This report attempts to define the family office in authoritative detail. It looks at issues such as: the reasons for setting up a family office; key staffing concerns; which services a family office should cover and which should be outsourced; how to optimize investment functions and to ensure they work for the benefit of the family. The report also looks at regulatory and tax issues in key markets, which anyone considering setting up a family office needs to know. It also addresses the relationship between the family and the external professionals who are brought in to run a family office. It is crucial for a family office to establish a balance between these two groups if it is to function well.
A number of case studies, including the personal experiences of family office practitioners, are used to help to bring the detailed analysis in this report to life.
Family offices are complex organizations that require deep knowledge not just of investment variables, but also a host of other factors. This report is a detailed handbook for those planning to set up a family office and also for those looking to set benchmarks of best practice within their existing family office.
As wealth grows, particularly in the emerging markets, there is no doubt that family offices will play an even bigger role in the management of substantial wealth in the years ahead.
6 EY Family Office Guide Pathway to successful family and wealth management
As concerns about wealth preservation and succession planning within family businesses continue to rise, wealthy families are increasingly evaluating the benefits of setting up a family office.
The reasons whyThere are many reasons why setting up a family office makes sense, but at the root of these is the desire to ensure smooth intergenerational transfer of wealth and reduce intrafamily disputes. This desire inevitably increases from one generation to the next, as the complexity of managing the familys wealth grows. Without being exhaustive, the following points set out the reasons why a family office makes sense:
Governance and management structure A family office can provide governance and management structures that can deal with the complexities of the familys wealth transparently, helping the family to avoid future conflicts. At the same time, confidentiality is ensured under the family office structure, as wealth management and other advisory services for the family members are under a single entity owned by the family.
Alignment of interest A family office structure also ensures that there is a better alignment of interest between financial advisors and the family. Such an alignment is questionable in a non-family office structure where multiple advisers work with multiple family members.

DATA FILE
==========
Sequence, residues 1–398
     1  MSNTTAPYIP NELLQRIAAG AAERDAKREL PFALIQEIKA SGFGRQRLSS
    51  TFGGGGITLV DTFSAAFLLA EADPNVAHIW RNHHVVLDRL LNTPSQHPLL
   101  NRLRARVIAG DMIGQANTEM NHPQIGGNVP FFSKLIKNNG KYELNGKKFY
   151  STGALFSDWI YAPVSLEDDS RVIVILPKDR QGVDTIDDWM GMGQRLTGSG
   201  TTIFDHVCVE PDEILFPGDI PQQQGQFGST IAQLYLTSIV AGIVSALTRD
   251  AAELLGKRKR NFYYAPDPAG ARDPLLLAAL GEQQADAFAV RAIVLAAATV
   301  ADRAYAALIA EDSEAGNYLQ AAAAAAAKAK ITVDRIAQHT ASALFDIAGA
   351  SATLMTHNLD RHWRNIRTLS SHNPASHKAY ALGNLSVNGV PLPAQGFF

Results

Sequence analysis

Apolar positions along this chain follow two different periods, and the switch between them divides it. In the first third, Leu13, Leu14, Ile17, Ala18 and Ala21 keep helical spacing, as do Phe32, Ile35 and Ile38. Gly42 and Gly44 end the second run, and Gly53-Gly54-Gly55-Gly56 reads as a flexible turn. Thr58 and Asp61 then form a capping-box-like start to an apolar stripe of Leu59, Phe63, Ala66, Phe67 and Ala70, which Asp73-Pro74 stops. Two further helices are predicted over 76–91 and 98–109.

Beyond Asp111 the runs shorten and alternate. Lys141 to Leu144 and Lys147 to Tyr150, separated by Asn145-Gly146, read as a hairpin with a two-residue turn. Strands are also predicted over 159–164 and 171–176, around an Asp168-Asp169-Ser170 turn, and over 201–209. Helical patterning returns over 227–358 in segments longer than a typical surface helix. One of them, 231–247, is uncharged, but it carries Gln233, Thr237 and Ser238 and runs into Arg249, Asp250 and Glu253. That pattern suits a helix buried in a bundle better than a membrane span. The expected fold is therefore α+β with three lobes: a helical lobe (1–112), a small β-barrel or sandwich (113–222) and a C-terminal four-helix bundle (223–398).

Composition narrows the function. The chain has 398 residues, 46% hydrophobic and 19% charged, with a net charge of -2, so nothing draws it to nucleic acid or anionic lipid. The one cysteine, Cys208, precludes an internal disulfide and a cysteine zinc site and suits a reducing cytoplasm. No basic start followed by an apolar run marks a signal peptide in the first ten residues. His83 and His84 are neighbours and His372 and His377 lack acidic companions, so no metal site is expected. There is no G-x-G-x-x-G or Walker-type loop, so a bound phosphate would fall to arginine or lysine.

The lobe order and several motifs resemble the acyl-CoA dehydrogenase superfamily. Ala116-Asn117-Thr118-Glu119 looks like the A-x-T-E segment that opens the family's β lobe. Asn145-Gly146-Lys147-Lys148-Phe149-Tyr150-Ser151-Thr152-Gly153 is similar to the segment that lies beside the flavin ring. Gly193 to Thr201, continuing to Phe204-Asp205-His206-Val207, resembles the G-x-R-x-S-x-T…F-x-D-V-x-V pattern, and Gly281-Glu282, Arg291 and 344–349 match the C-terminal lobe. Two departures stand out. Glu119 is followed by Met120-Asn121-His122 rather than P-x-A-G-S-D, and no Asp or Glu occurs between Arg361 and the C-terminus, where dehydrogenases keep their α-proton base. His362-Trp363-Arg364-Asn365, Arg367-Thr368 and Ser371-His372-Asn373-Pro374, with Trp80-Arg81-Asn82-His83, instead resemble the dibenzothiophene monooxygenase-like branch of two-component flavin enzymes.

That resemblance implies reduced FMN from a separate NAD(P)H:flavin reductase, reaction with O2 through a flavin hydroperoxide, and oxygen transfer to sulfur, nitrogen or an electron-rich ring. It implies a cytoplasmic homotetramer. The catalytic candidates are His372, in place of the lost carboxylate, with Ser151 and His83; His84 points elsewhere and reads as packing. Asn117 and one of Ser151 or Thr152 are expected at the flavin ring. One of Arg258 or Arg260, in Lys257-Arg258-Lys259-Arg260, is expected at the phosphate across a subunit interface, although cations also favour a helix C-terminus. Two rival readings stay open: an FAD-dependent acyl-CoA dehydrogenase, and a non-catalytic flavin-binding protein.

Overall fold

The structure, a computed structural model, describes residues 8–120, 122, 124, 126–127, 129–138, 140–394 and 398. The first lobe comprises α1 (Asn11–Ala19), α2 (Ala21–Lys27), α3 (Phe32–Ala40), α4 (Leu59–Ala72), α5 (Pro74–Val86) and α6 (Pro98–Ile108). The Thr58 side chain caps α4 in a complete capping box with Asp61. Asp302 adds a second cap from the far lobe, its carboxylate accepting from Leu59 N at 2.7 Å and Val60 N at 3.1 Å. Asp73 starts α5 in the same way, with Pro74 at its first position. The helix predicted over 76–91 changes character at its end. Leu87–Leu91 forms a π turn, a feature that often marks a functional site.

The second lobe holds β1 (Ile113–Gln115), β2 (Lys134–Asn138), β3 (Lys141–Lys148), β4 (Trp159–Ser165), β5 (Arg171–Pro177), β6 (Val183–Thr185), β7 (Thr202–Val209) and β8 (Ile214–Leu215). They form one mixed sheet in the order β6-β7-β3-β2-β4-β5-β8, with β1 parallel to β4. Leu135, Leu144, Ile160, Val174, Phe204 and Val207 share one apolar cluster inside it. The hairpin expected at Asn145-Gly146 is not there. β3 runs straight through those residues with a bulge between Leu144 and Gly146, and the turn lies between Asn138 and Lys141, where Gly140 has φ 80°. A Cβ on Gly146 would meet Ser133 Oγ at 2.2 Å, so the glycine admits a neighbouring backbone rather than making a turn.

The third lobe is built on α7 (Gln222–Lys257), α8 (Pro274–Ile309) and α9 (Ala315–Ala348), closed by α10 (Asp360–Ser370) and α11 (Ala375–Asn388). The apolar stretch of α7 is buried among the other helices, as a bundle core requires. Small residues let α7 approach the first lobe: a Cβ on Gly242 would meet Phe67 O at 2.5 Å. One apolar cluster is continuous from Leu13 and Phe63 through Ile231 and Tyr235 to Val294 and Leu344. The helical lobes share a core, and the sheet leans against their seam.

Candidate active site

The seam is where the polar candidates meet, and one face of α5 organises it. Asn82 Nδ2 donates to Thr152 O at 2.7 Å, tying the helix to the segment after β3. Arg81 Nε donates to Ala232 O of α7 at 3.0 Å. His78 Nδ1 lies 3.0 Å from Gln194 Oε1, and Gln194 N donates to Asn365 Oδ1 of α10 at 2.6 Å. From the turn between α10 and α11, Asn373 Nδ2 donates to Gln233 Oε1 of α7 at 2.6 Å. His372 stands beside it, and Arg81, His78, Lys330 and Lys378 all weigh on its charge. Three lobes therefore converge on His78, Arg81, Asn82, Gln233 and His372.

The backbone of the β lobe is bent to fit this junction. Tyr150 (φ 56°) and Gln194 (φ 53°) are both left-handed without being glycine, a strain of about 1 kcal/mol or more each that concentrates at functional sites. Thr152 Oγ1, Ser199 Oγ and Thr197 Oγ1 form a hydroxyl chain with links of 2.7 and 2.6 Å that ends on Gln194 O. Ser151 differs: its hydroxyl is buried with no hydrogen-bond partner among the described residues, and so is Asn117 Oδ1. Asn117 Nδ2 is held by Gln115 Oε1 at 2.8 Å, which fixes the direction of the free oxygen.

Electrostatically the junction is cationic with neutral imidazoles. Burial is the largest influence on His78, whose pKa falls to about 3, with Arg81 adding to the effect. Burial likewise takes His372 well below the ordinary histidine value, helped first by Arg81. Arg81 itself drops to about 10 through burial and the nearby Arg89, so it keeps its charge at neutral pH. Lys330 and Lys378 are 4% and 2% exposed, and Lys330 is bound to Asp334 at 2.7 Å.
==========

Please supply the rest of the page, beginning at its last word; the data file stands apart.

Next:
Potential higher returns Through the centralization and professionalization of asset management activities, family offices may be more likely to achieve higher returns, or lower risk, from their investment decisions. Family offices can also help formalize the investment process, and maximize investment returns for all family members.Sect
ion1Why set up a family office?
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SeparationFamily offices allow for separation, or at least a distinction, between the family business and the familys wealth or surplus holdings.
Centralization of risk Family offices allow for operational consolidation of risk, performance management and reporting. This helps the adviser and principals to make more effective decisions to meet the familys investment objectives.
Centralization of other services Family offices can also coordinate other professional services, including philanthropy, tax and estate planning, family governance, communications and education, to meet the familys mission and goals.
Why might there be doubts about setting up a family office?The establishment of a family office is a big undertaking, and there have been cases when family offices have not met the familys expectations. Some of the potential doubts and concerns about setting up a family office are:
CostThe cost of regulatory and compliance reporting remains high, which means that the level of assets under management that a family office needs to underpin needs to be high in order to offset its fixed costs.
Market, legal and tax infrastructures Family offices function better when operating from centers where there are sophisticated markets and legal and tax structures. The absence of these in emerging markets has undermined the development of family offices there. This has often meant that there has been little connection between the huge level of wealth in some emerging markets and the number of family offices. Much of the wealth in emerging markets is still controlled by the first generation. This has also inhibited the growth of family offices, because many are launched during a wealth transition from one generation to the next.
Main types of family offices
Single Family Office (SFO)In its purest sense, a single family office is a private company that manages the financial affairs of a single family. Typically, a fully functional SFO will engage in all, or part of the investments, fiduciary, trusts and estate management of a family; many will also have a concierge function.
Multi Family Office (MFO)A multi-family office will manage the financial affairs of multiple families, who are not necessarily connected to each other. Like a single family office, an MFO might also manage the fiduciary, trusts & estate business of multiple families as well as their investments. Some also wil...